Top Stories

April 28, 2021


Investors urge big brands not to ditch Bangladesh Accord on workers’ rights

BNP Paribas, Nordea and the Church of England Pensions Board are among 176 investors urging global fashion brands not to ditch the ‘Bangladesh Accord’, a workers’ rights agreement created in the aftermath of the Rana Plaza disaster in 2013. The $2.2 trillion investor coalition issued a statement calling on companies to recommit to the legally-binding Accord on Fire and Building Safety, which expires in May. Brands including Hugo Boss, H&M and John Lewis are signatories, committing to be transparent about suppliers, and to use suppliers that participate in workplace health and safety initiatives, undergo inspections and take part in remediation programmes. However, there are concerns that the responsibilities of the Accord will be transferred to the national RMG Sustainability Council, that does not have the same legal status or enforcement mechanisms. (Responsible Investor)


Redington and Fidelity align investment advice and strategy with net-zero

Investment consultancy Redington will align all default client advice with its goal to reach net-zero carbon emissions by 2050 at the latest, as outlined in the Paris Agreement. It estimates that, as a result of this change, most clients will achieve a 50% reduction in carbon emissions by 2030. The move sits alongside the firm's broader seven-point climate action plan to integrate sustainability across its entire business, including commitments to reduce and offset its own emissions. This comes as asset manager Fidelity International pledged to reduce carbon emissions within ‘FutureWise’, its default investment strategy for UK-based pension schemes, to half by 2030, and to become net-zero by 2050 or before. (Business Green; ProfessionalPensions)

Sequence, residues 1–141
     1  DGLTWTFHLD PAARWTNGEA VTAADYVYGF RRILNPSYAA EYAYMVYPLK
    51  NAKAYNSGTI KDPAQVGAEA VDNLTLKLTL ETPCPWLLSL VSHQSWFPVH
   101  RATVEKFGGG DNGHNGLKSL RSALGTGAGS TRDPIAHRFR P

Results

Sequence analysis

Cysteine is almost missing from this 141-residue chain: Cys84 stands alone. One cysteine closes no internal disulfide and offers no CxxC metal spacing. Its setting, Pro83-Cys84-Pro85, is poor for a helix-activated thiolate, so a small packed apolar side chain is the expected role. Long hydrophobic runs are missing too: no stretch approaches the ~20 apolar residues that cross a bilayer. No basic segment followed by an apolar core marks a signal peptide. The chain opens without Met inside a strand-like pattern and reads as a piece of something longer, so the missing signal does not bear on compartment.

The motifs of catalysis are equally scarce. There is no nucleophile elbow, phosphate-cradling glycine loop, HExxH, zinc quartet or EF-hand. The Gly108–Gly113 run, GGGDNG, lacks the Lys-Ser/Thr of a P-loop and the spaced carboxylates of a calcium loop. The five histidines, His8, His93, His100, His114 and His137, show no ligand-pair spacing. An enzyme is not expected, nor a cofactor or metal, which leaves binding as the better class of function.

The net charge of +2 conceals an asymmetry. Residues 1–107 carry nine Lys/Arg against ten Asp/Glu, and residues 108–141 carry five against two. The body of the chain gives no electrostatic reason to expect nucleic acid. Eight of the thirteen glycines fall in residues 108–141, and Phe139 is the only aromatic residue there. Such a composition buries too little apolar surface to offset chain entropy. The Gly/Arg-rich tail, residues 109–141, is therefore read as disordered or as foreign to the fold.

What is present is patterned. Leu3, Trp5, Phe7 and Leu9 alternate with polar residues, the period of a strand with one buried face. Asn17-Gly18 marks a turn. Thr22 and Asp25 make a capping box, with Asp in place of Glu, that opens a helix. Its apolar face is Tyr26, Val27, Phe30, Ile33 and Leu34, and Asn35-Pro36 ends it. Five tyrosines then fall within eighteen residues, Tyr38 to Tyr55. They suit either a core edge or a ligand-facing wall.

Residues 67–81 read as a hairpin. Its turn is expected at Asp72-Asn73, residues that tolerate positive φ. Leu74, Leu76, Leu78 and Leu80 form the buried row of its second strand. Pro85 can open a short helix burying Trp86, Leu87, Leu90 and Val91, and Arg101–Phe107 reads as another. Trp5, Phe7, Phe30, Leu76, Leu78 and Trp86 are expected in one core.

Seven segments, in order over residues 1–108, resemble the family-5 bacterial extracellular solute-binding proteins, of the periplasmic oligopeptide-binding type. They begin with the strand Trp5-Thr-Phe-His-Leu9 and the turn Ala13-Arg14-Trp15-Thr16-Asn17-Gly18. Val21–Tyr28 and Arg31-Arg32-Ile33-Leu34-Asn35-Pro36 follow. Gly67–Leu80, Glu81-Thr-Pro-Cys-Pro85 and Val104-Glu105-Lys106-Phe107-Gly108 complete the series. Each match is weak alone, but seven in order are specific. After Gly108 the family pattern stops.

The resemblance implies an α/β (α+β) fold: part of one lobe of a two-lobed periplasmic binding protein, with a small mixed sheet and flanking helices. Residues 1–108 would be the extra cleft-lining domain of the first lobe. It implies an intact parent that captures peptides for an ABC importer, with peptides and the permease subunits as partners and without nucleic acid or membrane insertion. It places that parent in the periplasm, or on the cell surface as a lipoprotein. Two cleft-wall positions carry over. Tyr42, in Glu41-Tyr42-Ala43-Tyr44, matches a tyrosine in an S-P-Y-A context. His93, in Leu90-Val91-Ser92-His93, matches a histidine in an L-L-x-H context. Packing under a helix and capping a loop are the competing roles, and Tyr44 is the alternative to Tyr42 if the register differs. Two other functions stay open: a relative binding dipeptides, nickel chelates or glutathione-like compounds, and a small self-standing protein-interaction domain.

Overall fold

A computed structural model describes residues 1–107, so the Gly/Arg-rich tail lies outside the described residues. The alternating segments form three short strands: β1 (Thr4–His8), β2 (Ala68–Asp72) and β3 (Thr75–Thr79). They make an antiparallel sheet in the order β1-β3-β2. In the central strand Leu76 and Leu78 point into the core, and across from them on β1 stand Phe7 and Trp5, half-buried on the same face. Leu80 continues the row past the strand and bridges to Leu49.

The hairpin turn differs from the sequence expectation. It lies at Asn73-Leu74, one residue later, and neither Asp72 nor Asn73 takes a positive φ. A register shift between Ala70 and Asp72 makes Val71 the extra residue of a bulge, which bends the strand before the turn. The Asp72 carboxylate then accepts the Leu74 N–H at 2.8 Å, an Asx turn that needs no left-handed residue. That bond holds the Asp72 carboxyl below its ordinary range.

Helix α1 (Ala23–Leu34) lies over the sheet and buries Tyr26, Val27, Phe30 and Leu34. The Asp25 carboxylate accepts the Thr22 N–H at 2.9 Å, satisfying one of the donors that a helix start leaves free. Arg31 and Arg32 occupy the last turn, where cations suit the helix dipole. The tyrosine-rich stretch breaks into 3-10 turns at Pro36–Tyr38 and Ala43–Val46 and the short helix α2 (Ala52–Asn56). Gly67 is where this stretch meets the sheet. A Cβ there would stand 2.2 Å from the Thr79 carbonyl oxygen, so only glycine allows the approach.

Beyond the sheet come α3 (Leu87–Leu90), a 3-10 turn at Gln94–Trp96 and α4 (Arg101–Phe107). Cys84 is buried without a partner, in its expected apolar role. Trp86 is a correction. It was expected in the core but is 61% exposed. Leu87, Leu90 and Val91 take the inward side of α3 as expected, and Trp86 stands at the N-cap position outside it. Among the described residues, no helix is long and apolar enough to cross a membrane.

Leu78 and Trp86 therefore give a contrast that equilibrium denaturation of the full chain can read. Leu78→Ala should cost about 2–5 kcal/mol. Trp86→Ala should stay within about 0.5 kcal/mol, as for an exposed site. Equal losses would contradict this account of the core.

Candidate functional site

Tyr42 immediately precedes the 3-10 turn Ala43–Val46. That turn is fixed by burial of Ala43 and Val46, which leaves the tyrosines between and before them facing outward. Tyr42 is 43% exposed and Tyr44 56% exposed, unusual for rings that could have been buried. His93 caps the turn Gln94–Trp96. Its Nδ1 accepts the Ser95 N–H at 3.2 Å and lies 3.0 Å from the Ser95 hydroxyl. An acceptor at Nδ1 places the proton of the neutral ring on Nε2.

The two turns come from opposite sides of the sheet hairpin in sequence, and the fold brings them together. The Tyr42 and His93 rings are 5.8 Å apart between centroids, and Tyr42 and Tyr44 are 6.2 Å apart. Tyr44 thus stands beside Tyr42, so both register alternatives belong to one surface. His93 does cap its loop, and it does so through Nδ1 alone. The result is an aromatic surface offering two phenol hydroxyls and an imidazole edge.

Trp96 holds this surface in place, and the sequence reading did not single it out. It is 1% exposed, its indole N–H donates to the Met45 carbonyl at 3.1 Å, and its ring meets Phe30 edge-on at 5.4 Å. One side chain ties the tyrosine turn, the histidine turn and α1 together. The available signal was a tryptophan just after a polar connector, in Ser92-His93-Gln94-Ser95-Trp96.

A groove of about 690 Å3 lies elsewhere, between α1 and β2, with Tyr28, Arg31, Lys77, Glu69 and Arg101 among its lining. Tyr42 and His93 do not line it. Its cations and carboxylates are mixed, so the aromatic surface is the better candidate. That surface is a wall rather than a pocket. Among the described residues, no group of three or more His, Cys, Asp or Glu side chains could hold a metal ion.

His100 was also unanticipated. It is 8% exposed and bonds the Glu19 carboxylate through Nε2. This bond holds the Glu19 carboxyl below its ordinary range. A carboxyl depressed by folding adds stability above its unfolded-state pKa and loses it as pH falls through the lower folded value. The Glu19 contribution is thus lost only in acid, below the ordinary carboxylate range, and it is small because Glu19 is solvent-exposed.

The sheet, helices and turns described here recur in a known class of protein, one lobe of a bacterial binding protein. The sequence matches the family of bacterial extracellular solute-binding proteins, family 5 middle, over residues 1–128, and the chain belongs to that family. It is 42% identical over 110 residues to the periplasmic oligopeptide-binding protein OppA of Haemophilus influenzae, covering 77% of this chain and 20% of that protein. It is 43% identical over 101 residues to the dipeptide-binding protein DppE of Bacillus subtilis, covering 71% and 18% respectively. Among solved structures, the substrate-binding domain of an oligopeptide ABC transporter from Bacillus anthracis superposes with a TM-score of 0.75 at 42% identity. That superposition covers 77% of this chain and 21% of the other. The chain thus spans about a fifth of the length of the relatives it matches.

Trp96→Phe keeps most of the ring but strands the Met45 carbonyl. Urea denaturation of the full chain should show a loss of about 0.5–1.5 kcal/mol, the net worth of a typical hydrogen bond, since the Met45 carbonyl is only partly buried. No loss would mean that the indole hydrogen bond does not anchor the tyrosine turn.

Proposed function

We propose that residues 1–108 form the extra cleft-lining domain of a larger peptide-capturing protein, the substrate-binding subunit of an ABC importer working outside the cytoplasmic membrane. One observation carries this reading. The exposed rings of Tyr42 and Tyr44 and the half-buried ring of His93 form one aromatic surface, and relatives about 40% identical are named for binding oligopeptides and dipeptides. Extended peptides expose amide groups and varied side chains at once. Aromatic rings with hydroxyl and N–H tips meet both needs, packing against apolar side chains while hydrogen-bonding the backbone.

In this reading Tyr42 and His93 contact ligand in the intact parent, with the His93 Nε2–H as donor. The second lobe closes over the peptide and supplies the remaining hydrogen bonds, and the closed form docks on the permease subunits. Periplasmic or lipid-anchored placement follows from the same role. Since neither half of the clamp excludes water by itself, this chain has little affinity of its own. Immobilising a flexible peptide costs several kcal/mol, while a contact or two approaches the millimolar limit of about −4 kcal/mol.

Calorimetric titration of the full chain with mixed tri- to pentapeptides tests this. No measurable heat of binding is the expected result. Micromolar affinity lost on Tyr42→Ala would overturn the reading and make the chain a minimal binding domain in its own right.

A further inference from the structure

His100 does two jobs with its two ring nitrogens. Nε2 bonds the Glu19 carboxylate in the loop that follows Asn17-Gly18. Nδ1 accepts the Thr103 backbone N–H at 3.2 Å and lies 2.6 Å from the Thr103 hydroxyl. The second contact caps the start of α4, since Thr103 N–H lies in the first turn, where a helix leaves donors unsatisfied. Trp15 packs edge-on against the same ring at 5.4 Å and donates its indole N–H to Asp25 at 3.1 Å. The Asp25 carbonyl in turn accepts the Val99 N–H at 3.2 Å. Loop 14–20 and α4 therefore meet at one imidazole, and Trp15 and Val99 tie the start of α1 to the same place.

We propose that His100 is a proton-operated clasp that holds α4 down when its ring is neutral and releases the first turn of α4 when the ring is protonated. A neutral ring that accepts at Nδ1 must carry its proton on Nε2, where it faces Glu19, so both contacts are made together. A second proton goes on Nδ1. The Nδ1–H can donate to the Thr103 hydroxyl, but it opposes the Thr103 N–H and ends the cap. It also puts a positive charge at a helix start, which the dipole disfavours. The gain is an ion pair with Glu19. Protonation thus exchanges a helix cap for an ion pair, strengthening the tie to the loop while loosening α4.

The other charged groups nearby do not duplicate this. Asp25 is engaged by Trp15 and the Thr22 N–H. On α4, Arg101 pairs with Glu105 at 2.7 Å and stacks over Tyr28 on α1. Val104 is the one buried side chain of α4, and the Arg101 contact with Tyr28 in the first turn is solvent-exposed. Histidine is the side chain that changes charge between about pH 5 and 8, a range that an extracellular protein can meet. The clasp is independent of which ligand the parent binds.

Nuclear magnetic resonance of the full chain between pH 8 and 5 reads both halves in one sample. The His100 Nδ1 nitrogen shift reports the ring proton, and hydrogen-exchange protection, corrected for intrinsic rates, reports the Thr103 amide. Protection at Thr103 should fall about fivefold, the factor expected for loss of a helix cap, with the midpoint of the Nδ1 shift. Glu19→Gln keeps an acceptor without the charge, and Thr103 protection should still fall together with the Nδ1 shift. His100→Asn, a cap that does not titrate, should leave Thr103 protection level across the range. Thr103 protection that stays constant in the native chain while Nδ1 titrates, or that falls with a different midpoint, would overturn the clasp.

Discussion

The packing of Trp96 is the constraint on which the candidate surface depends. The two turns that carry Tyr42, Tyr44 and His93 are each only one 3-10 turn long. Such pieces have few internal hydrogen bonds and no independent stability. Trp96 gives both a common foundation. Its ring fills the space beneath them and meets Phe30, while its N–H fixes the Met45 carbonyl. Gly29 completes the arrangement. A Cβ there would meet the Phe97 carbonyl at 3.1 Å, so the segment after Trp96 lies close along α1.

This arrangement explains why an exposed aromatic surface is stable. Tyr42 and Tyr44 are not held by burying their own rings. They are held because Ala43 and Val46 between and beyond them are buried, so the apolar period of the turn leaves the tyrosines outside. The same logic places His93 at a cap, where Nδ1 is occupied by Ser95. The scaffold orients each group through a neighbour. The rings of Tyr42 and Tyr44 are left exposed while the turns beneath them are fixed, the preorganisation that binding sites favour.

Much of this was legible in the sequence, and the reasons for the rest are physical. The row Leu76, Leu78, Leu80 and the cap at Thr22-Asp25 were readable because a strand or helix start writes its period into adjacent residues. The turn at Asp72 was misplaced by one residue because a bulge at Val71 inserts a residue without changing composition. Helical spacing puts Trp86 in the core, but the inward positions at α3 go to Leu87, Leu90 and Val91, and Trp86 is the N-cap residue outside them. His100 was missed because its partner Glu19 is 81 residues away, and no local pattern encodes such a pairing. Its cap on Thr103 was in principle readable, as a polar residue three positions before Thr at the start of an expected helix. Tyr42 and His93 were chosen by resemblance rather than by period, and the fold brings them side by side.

Timberland, The North Face, Vans develop regenerative rubber supply

The VF Corporation, which owns brands such as Timberland, Vans and The North Face, is partnering with a Thailand-based design consultancy to create the fashion industry's first regenerative rubber supply system. The fashion brands have confirmed a partnership with Terra Genesis International in Thailand to create a regenerative supply chain for rubber to be used in footwear. Plans are in place to pilot a regenerative rubber product collection in 2023, depending on the results of the new partnership. The supply system will be open to brands across and outside the industry. Regenerative practices aim to reverse the fashion industry’s detrimental impact on nature, and typically involve planting a variety of crops to preserve biodiversity and soil health. (Edie)


UK MPs warn Treasury over lack of plan to manage fossil fuel tax loss

UK MPs have warned that the Treasury cannot explain how it will manage declines in tax revenues worth £37 billion from fossil fuels as the UK shifts to a “green economy”. A report from the parliamentary public accounts committee also warned that the Treasury had not set out how the tax system was going to help the government meet the target to cut emissions to net-zero  by 2050. The report warns that immediate priorities have often outweighed action needed to support long-term environmental objectives, such as the freeze in fuel duty to help with the cost of living. The committee has made calls for the Treasury to set out a clear vision of how it would help the UK achieve net-zero, before Cop26 in November in Glasgow. (The Guardian)


Calls grow to end bosses’ bonuses for zero workplace deaths

Calls are growing for an end to the practice of paying executives health and safety bonuses if none of their employees dies at work, with arguments that such practices are “dispassionate”.. Research by the shareholder advisory firm Pensions & Investment Research Consultants (PIRC) looked at annual reports from 38 FTSE 350 companies in which at least one person died at work between 2015 and 2019. It found that at least two did not report docking their top executive’s bonus after employees died, while those that did imposed an average cut of £33,628 – the equivalent of less than 1% of the executive’s total annual pay. PIRC is calling for the link between bonuses and health and safety to be broken, making employees’ safety a basic requirement, rather than a pay incentive. (The Guardian)


Thursday, 6th May 2021

Worker Health & Wellbeing: A Material Sustainability Issue for Business